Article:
This beauty took hardly any time at all to build. We bought the can for $25 at the hardware store, dug a hole in the backyard, drilled some holes in the can—in the bottom for the worms to get in and out, and in a ring around the top for air to get in—and we buried the can in the ground. (The directions said to bury the can 15 inches deep, but we were a little overzealous with our digging, so ours is deeper than that.) We won’t need to stir the pile because the worms will aerate it for us. It should be easy to keep smells to a minimum by covering our food scraps with dry leaves or soil (we left the dirt from the hole nearby to make it easy). The lid fits tightly, so hopefully the critters will leave it alone. If the raccoons figure out how to open it, bungee cords through the handles should keep them out. Of course, we won’t put in any meat or dairy scraps, but the worms will love our fruit and veggie scraps.
Composting at home is the cheapest, easiest, most Earth-friendly way to keep organic waste out of landfills. The gorgeous soil that’s created keeps our vegetable garden healthy and productive. We’re closing the loop—garden to kitchen, and back to garden again—with a minimum of bother. That’s my kind of DIY project!
For more on composting, check out this CalRecycle composting guide.
Lisa Garner is an environmental scientist at CalRecycle.Posted on In the Loop by Lisa Garner on Jun 9, 2016
Compost happens, as they say in the biz. It’s true that, given enough time, most natural materials will decompose. The whole idea behind “composting” is to optimize nature’s process by providing the right mix of carbon, nitrogen, water and air. Most commercial-scale composting in California is done in long, narrow piles called windrows, which are mixed regularly by a specialized piece of equipment called a windrow turner. These enormous, diesel-powered critters range from 200 to 600 horsepower, but you’ll be traveling in hours per mile not miles per hour. What if there was a way to replace some of that diesel using the sun?
CalRecycle was involved in in a project, funded by the San Joaquin Valley Air Pollution Control District, involving the Association of Compost Producers, private consultants and local partners, to see whether large piles of green materials could be composted using small “bounce house” blowers powered entirely by the sun to pump air into the pile instead of being mechanically turned. The point of the project was so see whether air emissions could be reduced during the first three weeks of composting, which is the time when most emissions of volatile organic compounds—aka VOCs—occur. VOCs are important to the air district because they mix with oxides of nitrogen (NOx) from vehicle tailpipes to form ozone, a very dangerous air pollutant at ground level. Summer ozone levels in the Central Valley are some of the highest in the country, and per the federal Clean Air Act must be reduced.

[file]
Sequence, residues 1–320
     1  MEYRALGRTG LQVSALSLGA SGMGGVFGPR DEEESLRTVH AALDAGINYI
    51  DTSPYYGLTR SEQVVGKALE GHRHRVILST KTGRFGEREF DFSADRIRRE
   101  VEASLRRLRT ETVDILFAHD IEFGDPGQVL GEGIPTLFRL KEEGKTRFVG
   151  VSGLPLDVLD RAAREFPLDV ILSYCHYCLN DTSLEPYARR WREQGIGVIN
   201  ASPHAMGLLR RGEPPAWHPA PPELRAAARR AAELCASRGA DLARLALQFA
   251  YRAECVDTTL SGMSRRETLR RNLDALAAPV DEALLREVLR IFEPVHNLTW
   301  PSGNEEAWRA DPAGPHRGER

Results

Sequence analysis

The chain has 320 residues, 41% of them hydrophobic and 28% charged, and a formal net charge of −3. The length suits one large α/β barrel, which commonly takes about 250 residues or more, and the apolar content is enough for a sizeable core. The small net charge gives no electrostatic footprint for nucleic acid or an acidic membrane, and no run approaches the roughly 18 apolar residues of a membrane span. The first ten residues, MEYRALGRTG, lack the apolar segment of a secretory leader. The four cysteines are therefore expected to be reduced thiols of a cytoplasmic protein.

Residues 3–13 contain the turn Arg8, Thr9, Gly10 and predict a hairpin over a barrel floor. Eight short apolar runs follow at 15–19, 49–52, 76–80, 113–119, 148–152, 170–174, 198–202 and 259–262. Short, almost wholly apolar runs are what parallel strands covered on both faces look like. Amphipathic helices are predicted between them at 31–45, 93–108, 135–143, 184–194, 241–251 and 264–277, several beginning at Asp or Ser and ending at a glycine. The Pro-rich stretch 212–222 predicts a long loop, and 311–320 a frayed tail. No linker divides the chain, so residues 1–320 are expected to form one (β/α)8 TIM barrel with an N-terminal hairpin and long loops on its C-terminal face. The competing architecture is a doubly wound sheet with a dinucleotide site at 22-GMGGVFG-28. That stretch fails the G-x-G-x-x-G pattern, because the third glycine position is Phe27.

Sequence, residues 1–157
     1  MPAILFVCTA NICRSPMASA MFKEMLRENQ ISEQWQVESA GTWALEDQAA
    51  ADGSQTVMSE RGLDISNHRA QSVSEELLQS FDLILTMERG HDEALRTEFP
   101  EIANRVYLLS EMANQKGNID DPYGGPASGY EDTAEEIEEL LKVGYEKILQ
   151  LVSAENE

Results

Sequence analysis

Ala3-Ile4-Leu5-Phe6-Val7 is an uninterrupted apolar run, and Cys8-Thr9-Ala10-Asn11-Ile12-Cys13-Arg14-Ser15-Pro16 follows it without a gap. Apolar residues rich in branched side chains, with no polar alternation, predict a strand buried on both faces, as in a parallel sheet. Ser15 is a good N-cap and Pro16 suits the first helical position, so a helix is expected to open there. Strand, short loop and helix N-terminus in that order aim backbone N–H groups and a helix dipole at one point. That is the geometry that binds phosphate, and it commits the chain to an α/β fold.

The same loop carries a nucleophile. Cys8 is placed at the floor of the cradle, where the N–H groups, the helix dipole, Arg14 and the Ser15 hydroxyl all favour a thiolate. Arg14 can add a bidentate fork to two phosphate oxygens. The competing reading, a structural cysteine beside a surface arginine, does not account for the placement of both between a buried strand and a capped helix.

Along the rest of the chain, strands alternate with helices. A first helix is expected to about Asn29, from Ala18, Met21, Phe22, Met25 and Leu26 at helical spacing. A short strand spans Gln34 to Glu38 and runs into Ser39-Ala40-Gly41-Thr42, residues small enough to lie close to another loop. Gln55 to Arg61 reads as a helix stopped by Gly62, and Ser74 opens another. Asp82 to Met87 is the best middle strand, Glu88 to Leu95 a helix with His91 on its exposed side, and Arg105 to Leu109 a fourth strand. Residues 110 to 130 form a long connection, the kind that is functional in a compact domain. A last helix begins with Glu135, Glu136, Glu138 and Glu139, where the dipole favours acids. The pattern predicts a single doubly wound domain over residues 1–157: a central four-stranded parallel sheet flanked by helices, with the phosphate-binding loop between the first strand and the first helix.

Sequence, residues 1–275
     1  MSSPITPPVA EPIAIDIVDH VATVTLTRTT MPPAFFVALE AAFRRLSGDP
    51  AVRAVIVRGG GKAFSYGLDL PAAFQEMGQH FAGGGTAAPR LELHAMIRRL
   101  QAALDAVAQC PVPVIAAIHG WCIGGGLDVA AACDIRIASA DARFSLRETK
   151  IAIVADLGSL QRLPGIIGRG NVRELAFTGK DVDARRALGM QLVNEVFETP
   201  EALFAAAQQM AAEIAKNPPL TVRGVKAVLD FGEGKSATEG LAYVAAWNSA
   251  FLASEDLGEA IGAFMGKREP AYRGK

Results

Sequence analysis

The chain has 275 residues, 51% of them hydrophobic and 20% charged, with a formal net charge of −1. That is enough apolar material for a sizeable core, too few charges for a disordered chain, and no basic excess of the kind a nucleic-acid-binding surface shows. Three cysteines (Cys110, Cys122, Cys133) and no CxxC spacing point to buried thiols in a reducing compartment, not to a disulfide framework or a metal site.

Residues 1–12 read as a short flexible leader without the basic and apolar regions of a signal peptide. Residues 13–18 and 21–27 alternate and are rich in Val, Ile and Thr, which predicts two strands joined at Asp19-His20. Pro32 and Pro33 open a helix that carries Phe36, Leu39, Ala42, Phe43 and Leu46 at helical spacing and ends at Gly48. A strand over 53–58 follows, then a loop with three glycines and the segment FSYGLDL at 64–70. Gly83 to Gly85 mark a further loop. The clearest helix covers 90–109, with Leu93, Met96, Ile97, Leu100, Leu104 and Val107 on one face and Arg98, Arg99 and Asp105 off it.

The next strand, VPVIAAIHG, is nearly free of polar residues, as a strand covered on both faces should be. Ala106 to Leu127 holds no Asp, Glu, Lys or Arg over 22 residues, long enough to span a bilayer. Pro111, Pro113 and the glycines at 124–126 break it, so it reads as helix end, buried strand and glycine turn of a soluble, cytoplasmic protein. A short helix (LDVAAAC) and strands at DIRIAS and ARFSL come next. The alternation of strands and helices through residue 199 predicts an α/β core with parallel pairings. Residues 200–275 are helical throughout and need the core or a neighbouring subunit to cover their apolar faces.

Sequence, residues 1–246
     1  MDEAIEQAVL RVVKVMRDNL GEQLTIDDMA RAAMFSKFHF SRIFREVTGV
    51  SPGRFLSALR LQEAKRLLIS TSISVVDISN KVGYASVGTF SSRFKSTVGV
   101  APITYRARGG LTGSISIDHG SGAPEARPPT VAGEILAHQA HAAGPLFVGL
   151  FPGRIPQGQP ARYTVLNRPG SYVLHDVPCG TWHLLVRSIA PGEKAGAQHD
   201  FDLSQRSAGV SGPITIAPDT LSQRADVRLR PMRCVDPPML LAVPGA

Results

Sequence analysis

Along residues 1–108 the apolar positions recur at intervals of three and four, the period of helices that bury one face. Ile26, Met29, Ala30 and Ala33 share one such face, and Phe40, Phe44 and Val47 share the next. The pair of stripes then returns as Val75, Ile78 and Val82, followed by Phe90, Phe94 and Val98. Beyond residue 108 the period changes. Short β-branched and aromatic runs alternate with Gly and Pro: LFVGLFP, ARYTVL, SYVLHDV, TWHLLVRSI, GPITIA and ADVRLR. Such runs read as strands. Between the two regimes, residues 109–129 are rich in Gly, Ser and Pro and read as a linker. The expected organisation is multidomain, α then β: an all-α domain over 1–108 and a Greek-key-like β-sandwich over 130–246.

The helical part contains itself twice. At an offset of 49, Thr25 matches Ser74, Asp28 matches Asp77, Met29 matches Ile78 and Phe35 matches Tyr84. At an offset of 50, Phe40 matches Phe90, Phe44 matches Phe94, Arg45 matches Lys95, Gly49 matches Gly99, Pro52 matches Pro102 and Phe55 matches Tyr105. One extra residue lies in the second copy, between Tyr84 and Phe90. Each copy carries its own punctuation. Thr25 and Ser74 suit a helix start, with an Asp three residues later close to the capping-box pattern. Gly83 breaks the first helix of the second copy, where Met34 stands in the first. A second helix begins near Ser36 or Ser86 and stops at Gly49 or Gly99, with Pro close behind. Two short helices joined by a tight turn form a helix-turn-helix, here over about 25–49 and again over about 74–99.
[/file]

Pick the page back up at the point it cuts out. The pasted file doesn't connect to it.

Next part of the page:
The same sunlight that helps VOCs and NOx turn into ozone can provide more than enough electricity to power a 1.5-horsepower electric blower using only one solar panel, and that energy can be stored in batteries so that pile aeration occurs day and night. A series of pipes laid under the composting material provide a path to inject air into the bottom of the pile, and it filters up to the top, keeping things happily aerobic. To trap more emissions, the tops of the piles are covered with a layer of finished, unscreened compost, and kept damp with sprinklers, again sparing the air because the diesel-powered water trucks so common at windrow facilities get a little rest.
VOC emissions were reduced in this pilot project by 98 percent, diesel use was reduced by about 87 percent during those critical first few weeks of composting, GHG emissions were reduced by about half, and the amount of water used to keep the pile moist was reduced by 20 percent. That’s quite a savings.
To reach California’s goal of 75 percent recycling and composting by 2020, and ARBs draft goal to get 90 percent of organics out of landfills by 2025, many new compost facilities will be needed. No one type of facility will fit all communities, but all new organic materials handling sites will need to have 21st century infrastructure that protects air and water quality, and they will have to be good neighbors. The aeration system for the pilot project cost less than $15,000 per zone, which is pretty affordable considering a new diesel windrow turner would likely set you back half a mil.
Solar panel prices keep coming down, and efficiency is still going up, so it looks like solar-powered aerated static piles are a good option for community-sized compost sites, and probably could be scaled up quite large. Already, several compost operators are looking at adopting this technology.
The full report on the project can be found linked to the very bottom of this page: http://valleyair.org/grants/technologyadvancement.htm
Robert Horowitz is a Supervising Environmental Scientist at CalRecycle.
5/23/2016Posted on In the Loop by Robert Horowitz on May 23, 2016